The European Union's decision to lift its arms embargo on Syria is raising concerns about a new arms race in that country's civil war. And it has prompted a warning from Israel.
The U.S. and the EU have faced a dilemma over whether to arm the Syrian rebels, a conglomeration of different groups that include al Qaeda terrorists who hate the United States and the West.
On Monday, the European Union decided to end its ban on weapons for the rebels -- or more specifically, Britain and France together forced an end to the embargo, against the opposition of the other 25 members.
Is arming Syria's rebels a good idea or will it lead to weapons falling into the hands of extremists? Ryan Mauro, national security analyst for the Clarion Project addresses that question and more on CBN's Newswatch, May 28.
"The European Union has agreed to bring to end the arms embargo on the Syrian opposition and to maintain other sanctions on Syria," British Foreign Secretary William Hague said.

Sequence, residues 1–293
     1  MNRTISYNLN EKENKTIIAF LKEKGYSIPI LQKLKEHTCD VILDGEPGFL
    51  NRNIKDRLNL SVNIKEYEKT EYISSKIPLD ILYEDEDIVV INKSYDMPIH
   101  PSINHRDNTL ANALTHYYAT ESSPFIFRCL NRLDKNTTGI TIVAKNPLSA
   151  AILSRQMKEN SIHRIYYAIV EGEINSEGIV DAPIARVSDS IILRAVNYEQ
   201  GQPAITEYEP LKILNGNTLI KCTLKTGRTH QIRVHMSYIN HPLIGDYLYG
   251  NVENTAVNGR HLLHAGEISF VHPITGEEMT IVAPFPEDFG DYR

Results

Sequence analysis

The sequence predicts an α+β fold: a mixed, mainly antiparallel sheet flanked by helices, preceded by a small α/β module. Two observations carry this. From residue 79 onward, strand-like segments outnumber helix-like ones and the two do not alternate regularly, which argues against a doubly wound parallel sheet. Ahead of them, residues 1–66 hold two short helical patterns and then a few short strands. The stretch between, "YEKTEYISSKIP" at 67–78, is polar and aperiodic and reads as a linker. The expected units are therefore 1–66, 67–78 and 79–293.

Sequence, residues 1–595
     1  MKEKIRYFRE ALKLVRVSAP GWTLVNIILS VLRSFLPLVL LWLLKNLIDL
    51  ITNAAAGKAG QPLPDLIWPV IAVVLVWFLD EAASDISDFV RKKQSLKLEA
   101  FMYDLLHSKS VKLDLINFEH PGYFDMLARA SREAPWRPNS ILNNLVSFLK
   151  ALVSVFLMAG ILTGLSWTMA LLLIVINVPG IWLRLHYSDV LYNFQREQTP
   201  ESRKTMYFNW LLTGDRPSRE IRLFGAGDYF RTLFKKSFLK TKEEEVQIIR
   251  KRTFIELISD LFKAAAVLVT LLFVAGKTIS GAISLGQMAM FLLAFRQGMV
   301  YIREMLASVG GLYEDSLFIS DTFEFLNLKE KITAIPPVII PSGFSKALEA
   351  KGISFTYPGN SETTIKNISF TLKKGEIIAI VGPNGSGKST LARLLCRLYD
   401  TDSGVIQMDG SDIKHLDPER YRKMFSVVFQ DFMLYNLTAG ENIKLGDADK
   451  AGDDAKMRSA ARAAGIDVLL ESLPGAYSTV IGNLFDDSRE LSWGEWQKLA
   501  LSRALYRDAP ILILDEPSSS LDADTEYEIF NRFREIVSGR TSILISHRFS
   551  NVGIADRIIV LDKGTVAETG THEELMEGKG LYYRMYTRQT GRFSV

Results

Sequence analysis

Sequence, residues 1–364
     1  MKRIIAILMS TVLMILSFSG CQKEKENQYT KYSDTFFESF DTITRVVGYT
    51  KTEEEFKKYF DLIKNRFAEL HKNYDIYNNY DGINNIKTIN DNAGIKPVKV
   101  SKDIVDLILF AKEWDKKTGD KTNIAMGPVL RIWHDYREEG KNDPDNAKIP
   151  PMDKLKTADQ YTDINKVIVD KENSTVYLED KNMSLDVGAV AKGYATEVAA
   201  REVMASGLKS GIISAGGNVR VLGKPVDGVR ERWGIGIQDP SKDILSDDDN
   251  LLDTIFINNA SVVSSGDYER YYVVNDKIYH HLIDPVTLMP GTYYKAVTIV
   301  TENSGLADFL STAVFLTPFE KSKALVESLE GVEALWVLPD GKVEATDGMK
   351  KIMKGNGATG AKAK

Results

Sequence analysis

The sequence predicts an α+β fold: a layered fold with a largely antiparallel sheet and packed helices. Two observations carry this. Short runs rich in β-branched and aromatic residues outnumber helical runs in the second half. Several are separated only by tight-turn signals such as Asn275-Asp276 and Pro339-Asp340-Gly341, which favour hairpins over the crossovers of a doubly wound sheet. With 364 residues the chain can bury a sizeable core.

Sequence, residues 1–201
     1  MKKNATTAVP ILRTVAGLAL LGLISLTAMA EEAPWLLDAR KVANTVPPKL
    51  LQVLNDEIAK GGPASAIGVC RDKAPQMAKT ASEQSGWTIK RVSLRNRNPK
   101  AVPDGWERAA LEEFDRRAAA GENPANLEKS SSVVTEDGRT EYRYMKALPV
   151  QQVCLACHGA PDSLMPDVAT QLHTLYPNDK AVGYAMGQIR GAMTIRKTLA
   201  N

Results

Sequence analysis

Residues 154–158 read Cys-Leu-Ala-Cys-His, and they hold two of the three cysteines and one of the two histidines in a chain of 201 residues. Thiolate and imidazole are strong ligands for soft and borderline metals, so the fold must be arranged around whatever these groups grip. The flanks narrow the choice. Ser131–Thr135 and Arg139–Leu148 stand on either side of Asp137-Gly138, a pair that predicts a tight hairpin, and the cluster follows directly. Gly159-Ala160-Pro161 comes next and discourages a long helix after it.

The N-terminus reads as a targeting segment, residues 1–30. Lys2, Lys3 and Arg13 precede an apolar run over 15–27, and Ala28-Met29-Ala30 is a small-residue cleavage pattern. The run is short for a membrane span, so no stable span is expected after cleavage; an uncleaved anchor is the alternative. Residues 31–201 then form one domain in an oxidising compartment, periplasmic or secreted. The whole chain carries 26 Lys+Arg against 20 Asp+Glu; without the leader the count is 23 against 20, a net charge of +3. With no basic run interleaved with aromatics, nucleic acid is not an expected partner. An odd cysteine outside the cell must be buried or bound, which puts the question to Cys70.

But Hague says the move does not mean weapons are on the way.
"We have no plans to send arms at the moment," he said.
But the rebels want the weapons now. There are reports that their stocks of guns and ammo are drying up. But it could be months before they see any.
Louary Safi of the Syrian National Council said delays in arms shipments "...will have a negative effect on stopping the aggression and killing in Syria on the part of the regime."
Russia criticized the EU decision and revealed that it will supply the Syrian government with sophisticated anti-aircraft missiles. That prompted Israel to warn it would attack any such shipment.
Meanwhile, Sen. John McCain, R-Ariz., spent about two hours in Syria, crossing over the border from Turkey, and met with 10 to 15 rebel commanders. McCain favors providing arms to rebel forces in Syria and creation of a no-fly zone.